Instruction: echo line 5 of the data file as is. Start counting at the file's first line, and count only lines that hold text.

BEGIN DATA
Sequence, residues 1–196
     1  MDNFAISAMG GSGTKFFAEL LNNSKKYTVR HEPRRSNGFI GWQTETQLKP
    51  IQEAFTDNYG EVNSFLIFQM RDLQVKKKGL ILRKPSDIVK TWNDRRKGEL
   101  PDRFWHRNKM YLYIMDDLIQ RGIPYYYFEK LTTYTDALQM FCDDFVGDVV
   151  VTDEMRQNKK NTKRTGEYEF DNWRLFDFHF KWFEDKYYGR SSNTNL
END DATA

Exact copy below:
   151  VTDEMRQNKK NTKRTGEYEF DNWRLFDFHF KWFEDKYYGR SSNTNL